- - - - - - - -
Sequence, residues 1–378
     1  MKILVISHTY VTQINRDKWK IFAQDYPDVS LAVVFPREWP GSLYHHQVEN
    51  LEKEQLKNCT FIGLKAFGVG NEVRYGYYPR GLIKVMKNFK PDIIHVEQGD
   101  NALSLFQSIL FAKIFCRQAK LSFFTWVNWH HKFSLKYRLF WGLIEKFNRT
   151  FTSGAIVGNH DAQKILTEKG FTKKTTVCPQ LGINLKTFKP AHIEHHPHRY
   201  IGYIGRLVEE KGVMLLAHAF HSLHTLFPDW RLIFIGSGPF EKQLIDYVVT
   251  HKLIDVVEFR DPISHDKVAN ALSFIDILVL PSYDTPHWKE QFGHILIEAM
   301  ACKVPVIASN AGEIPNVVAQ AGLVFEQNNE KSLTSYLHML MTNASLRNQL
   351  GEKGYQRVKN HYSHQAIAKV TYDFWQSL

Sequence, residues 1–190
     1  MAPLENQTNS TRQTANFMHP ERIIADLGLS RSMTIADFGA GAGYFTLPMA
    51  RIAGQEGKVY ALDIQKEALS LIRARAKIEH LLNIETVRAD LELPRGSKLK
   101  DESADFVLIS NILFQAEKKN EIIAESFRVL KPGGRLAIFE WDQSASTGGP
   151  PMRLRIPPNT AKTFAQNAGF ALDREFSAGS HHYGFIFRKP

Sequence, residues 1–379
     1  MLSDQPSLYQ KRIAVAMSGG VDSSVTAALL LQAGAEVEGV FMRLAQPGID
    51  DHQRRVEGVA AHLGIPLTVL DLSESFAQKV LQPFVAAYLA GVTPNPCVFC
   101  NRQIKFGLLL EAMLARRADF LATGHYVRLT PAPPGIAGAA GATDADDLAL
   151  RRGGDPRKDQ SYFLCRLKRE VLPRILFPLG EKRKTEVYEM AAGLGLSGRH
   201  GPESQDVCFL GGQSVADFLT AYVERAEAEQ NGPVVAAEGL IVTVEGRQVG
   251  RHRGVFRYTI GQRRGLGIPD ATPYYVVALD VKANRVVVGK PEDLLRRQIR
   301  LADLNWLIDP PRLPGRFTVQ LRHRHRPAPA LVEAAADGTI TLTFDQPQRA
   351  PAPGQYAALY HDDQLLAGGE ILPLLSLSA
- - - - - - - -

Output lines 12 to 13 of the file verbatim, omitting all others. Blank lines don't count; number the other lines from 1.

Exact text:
    51  RIAGQEGKVY ALDIQKEALS LIRARAKIEH LLNIETVRAD LELPRGSKLK
   101  DESADFVLIS NILFQAEKKN EIIAESFRVL KPGGRLAIFE WDQSASTGGP